Taylor C. Nelms

(45:45): I think I'm going to start a daycare after this. Like I might as well just go all in. I'm spending all my time doing it anyway. If you didn't recognize it before, and we all should have, it's very clear how critical folks like teachers and healthcare workers and retail workers and all of the various care workers that are out there in the world making things happen and stitching things together and keeping our social relationships alive, how important they are and the degree to which we can recognize that in our own organizations, whether it's that social media manager or moderator, the person who is able to put together the zoom happy hour every week. Those are people who are really important, especially as we physical distance and try to maintain the social relationships that we have with one another.

Holly Fearing

(46:32): Do you guys have any final thoughts for credit unions advice for credit unions? Just as, as filters of information or as pillars in their communities that are existing to really look out for the well-being of their communities, any advice for them that we didn't cover yet?

Bill Maurer

(46:58): You know, I'll jump in with something. I think one of the most important things for a trusted institution, like a credit union during a time, like this is simply to be there, right. Simply to show that they're there and that they know that their members are struggling. They know that their communities are facing some real challenges, but they're there, right? It's this sort of, the sort of thing that you do, you know, in grief counseling or when you were with a terminally ill person or, you know, comforting someone after a tragedy. You know, often you don't really have to say anything at all. You just need to be there. And I think to the extent that credit unions can remind folks that they're here with them, that, that that's an incredible service in and of itself.

Holly Fearing

(47:49): I love that. Thank you, Taylor, any final thoughts?

Taylor C. Nelms

(47:55): Uh, just to add to what Bill has already said. I mean, I think that what credit unions can offer in that moment of showing that they are showing their presence, their care. You know, is really different from the thousands of other emails that we're getting in our inbox from like our tanning salon and like the various websites that we didn't realize had our, you know, contact information, who are all emailing us to say that that they, they are monitoring the situation and that they care about us. You know, credit unions are different in the sense that they have products and services that can actually help people in this moment. Right? They have bridge loans, they have zero interest, you know, cash grants, they have, you know, payment, deferral options, you know, digital and mobile services. There's a whole range of things that credit unions can do for their members and are doing for their members that go beyond the simple touch base, as important as that is. So I would just emphasize both of those things.

Holly Fearing

(49:01): Awesome. Thank you. Joan, any final thoughts?

Joan Donovan

(49:05): And me money? Well, that's what the scammers would say right. Just follow. No, it's just been a pleasure to talk to everybody and I really appreciate everything everybody's doing to hold it together in this time. And the minute I can get back to California, I am on a plane. So make up the guest room for me, Bill. Joan's going to the beach. Okay.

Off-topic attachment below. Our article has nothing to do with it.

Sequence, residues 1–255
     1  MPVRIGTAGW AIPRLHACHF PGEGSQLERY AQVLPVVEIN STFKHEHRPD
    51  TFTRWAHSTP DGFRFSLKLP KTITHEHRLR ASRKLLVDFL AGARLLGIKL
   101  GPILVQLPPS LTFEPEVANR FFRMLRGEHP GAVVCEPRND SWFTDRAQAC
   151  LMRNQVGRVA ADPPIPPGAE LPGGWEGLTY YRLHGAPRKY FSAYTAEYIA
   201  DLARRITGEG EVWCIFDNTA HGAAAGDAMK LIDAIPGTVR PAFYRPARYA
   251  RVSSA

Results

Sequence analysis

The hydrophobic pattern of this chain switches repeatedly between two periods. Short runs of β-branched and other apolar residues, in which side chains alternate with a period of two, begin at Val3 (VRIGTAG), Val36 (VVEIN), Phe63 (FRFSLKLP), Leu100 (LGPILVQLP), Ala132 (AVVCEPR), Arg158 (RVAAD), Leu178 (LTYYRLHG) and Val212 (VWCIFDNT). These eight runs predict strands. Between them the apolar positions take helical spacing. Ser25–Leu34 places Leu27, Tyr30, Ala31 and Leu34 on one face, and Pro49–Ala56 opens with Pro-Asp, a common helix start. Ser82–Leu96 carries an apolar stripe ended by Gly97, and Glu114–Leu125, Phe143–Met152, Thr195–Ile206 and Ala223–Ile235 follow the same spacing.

Bill Maurer

(49:35): You can't go to the beach right now I'm afraid. But I will break out the sheet plastic so that we can keep you in quarantine and the guestroom for 14 days.

Joan Donovan

(49:44): I take it, you know, to get quarantine at your house sounds nice. So don't, don't make it too comfortable.

Bill Maurer

(49:51): We are making quarantinis, you know. We are.

Joan Donovan

(49:57): I knew you would be.

Bill Maurer

(49:57): Of course we are.

Holly Fearing

(50:00): Well, this is the first episode of the Filene podcast that was conducted from my closet at home. So it is a world premier first of the Filene podcast, not in our studio. Thank you again for your time today and all of the expertise that you've shared. This was great.

Joan Donovan

(50:22): Thank you so much.

Holly Fearing

(50:23): All right, bye.

Joan Donovan

(50:24): Have a good one. Bye bye.

Bill Maurer

(50:26): Bye bye.

Holly Fearing

(50:27): All right. That's it for the Fill-in folks. Thank you for listening. Thank you to Bill and Joan and Taylor for the excellent information and conversation. And thank you, credit unions. We know your work right now is not easy, but it is important. We know that your credit union is adapting quickly to new information every week. And Filene is here to help with that. Each week we're building and sharing new, helpful resources for your credit union and putting them on our resource hub so you can quickly find what you need and get back to the important work of serving your members. Check out filene.org/resourcehub, to see what we have for you there. If you liked this episode, please do rate us on Apple podcasts so more people can find us and make sure you're subscribed to the Filene Fill in podcast so you can keep up with what's going on at Filene. You'll find us on Apple podcasts, Stitcher, SoundCloud, Google Play, or wherever you get your podcasts. If you want to get in touch about today's show, email me at [email protected], or find us on Twitter at @fileneresearch. Until next time. Thanks everyone.

Bill Maurer

(51:45): Totally. Yes. Everything is canceled. Everything is canceled because of COVID-19. Everything is canceled and we're in quarantine.

Holly Fearing

(52:01): Perfect.

Bill Maurer

(52:02): And you're welcome. I hope that that's not going to like get you a cease and desist from anybody.